Migratory Bird Program
Conserving the Nature of America


Before this century, accounts of abundance are narrative and anecdotal. None of the estimates was documented or quantified for comparison with modern methods. All of them precede the era of aerial surveys and none involved a coordinated, simultaneous air or ground survey. We summarize these below, but urge caution in interpretation because methods of numerical estimation are usually anecdotal and not statistically reliable.


Bent (1962) writes of the "astonishing abundance" of lesser snow geese and blue geese (then described as two species) in the first decades of this century, particularly on the Gulf Coast and in Manitoba (i.e., what we now call the mid-continent population). The number of mid-continent LSGO in the 1930s was judged to be up to "3.5 million on the Gulf Coast in winter" (McIlhenny, in Gresham 1939), and "4-5 million in Manitoba in spring" (Soper, in Johnsgard 1974). McIlhenny (1932) estimated 1.25-1.5 million geese in a single flock. Johnsgard (1974) commented that these early estimates were "either wildly optimistic" or "mid-continent snow geese have declined greatly in recent decades". Yet Bent (1962) does not mention declines, nor does McIlhenny (1932) during his 50 years of close association with blue geese on the Gulf Coast.

Evidence of LSGO nesting colonies of sufficient size to corroborate these large migration and winter estimates of LSGO is lacking. Nesting areas were first visited by non-natives in 1928-30 (Soper 1930, Sutton 1931). Manning (1942) suggested hesitantly that there were 100,000 (presumably nesting) birds of each color on southwestern Baffin Island and 30,000 on Southampton Island (calculated from his counts and color ratios), but Kerbes (1975) termed Manning's estimates "minimum" because of the technique used (a coastal boat survey). Although these records suggest a fall flight of about 0.5 million birds in the late 1930s (similar to the first coordinated winter surveys in the Mississippi Flyway which estimated 440,000 (average of 1954-56) (Yancey et al. 1958), they are far short of 3.5-5 million! If there were that many birds during the first third of the century, what happened to them between then and the first coordinated winter surveys in the mid-1950s? We know of no evidence of massive disease outbreaks or die-offs, nor is there any hint of a massive hunting harvest (this was relatively early in the Migratory Bird Convention era and enforcement was strict).


According to Bent (1962), ROGO were "the rarest of the geese which regularly visit the United States" by the 1920s. However, he mentions some evidence of their abundance prior to 1886, such as several thousand present each spring on the Missouri River (Montana). In California in winter, ROGO were "often quite common" and because of tameness "many are shot for the market". Ryder and Alisauskas (1995) cite Grinnell et al. (1918) as support for the suggestion that open market hunting may have contributed to the rarity of Ross' Geese at the beginning of the century.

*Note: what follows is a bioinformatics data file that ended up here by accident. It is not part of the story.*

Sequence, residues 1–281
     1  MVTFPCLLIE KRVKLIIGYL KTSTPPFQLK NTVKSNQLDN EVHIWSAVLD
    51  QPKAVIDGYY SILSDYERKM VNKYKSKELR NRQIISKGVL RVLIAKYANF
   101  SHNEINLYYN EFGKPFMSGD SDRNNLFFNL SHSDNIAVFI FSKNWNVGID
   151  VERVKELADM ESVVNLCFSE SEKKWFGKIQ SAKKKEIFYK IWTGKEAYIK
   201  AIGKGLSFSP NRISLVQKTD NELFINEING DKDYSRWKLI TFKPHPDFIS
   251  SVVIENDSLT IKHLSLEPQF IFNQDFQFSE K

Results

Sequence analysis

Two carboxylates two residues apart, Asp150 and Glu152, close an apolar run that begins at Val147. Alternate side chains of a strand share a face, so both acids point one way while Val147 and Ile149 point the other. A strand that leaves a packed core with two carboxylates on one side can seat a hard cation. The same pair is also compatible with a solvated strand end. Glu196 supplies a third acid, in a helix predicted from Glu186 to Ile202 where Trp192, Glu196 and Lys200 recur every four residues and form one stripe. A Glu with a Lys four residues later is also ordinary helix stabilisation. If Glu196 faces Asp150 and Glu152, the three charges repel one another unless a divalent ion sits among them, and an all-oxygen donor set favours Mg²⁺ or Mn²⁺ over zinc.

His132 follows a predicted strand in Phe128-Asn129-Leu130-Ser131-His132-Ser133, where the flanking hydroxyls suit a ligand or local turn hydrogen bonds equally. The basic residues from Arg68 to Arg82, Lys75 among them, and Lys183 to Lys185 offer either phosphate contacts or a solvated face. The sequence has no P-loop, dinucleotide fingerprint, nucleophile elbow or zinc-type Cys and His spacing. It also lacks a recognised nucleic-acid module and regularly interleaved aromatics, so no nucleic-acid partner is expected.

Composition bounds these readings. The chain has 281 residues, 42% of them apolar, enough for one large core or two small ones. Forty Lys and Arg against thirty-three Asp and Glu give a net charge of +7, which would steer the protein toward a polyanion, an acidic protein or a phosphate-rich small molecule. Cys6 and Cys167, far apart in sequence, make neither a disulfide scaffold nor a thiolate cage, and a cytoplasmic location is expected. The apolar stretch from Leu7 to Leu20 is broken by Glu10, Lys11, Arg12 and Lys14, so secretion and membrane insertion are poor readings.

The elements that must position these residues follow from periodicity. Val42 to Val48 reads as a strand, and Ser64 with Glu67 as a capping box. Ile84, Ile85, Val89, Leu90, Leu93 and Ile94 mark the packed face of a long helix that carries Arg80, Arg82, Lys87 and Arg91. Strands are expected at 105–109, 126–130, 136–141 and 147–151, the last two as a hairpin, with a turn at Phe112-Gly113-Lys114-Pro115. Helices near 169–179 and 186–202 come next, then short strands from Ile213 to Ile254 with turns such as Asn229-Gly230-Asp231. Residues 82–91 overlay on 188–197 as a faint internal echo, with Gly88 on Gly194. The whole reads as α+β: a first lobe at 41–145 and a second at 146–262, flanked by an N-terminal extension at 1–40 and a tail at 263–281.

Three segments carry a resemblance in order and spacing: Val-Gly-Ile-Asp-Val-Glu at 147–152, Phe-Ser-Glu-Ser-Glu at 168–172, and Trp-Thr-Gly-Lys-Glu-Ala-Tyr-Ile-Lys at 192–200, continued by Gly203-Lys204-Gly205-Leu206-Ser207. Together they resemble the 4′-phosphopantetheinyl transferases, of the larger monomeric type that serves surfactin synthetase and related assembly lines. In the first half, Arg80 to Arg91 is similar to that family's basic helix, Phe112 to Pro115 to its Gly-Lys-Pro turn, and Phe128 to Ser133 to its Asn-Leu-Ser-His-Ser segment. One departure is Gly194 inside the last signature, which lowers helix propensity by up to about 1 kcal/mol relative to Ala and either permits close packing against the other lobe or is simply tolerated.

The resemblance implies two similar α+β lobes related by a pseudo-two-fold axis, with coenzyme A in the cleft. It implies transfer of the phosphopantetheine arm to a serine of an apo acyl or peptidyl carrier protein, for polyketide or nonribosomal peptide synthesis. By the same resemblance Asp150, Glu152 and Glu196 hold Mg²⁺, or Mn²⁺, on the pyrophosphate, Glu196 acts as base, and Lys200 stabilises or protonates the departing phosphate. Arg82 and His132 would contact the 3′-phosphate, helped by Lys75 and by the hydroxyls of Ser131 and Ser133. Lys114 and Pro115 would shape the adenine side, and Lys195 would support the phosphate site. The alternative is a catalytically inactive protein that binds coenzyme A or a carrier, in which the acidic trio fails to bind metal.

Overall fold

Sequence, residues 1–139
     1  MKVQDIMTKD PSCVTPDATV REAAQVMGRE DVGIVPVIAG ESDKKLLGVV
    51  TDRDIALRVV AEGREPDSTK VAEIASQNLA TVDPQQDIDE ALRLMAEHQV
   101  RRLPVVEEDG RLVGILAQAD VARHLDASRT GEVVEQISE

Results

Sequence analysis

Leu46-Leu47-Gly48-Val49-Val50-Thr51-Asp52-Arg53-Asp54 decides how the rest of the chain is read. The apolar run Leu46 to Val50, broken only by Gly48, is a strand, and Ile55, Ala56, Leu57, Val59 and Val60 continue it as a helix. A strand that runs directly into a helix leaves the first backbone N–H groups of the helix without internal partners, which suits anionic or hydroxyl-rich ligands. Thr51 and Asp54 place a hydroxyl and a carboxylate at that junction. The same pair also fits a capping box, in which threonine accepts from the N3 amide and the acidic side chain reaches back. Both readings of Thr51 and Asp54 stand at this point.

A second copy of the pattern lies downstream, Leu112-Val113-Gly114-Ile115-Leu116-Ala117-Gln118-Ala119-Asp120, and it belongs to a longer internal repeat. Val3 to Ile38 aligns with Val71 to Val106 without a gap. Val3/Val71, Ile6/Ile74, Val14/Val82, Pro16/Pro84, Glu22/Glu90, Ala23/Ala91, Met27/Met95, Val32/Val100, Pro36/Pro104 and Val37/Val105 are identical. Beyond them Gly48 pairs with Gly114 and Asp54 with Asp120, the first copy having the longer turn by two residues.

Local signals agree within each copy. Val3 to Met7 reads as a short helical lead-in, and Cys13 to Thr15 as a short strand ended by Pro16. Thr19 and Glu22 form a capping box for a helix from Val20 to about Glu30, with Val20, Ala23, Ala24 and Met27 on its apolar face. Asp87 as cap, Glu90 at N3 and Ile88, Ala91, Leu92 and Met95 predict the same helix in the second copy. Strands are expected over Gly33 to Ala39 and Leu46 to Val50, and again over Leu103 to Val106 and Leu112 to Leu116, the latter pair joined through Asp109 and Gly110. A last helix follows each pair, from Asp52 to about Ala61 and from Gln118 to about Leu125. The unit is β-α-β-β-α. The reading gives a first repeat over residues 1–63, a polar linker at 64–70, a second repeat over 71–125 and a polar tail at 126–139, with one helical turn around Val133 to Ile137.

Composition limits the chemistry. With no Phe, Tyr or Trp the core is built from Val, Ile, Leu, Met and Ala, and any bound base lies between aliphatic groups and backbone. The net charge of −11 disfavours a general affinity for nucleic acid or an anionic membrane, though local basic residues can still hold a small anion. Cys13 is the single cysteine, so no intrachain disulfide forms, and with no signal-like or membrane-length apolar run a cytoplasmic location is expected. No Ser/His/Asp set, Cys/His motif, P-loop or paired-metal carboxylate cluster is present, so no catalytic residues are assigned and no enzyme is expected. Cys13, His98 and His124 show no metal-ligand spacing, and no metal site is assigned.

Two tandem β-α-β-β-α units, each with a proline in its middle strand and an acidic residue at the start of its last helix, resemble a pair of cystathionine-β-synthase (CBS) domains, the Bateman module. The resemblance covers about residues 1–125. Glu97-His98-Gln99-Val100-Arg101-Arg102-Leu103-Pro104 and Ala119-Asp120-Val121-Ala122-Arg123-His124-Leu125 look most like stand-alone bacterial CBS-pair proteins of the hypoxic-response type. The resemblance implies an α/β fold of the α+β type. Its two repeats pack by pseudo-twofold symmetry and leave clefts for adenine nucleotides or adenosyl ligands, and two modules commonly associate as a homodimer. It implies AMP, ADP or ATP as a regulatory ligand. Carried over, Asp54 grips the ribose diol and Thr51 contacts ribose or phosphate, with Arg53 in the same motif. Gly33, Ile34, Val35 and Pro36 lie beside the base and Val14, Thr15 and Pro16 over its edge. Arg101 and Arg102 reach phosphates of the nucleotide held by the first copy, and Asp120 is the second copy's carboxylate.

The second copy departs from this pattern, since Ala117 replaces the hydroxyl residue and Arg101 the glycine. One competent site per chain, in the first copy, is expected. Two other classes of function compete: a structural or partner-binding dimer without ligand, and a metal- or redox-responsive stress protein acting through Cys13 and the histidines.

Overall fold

Concerning numbers of GSGO, early explorers wrote about "many thousands of white and grey geese" near present Québec City in 1535 (Jacques Cartier) and "many wild white geese" in the same area in 1663-64 (Fr. Paul Lejeune and Lalement) (Anonymous 1981, 1992). However, they “could not be called common” on the Atlantic coast by the late 1800s according to Bent (1962). The GSGO population was only 3,000-4,000 from the 1880s until the 1930s, and although it was suggested they were formerly more common, we found no specific statement of reasons for a possible decline (e.g., no evidence of decrease due to market hunting). A. Reed (pers. comm.) studied the ancient literature and gained the impression that GSGO were never abundant in the 1500s through 1900. Although hunting on the small population may have helped check population growth, he too found no evidence of excessive exploitation. He posed the question of whether a more severe climate in the Arctic during that period (the so-called Little Ice Age) may have kept numbers low because of frequent breeding failures.


What can we conclude about current versus former populations sizes? In the case of LSGO, abundance itself may have masked any trends; the difference between 0.5-1 million and 4-5 million would have been difficult to detect before consistent survey methods, as it is even now. Indeed, despite their abundance, contact with humans was infrequent because of the remoteness of breeding areas, and the limited number of staging areas along migration routes. In the case of ROGO and GSGO, migration concentrations and wintering sites overlapped with areas of early settlement which subsequently developed as human population centres in North America. Although their suggested former abundance apparently did not equal current population levels, a real decline appears to have occurred before this century and but only ROGO may have resulted from human activities.

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Last updated: April 11, 2012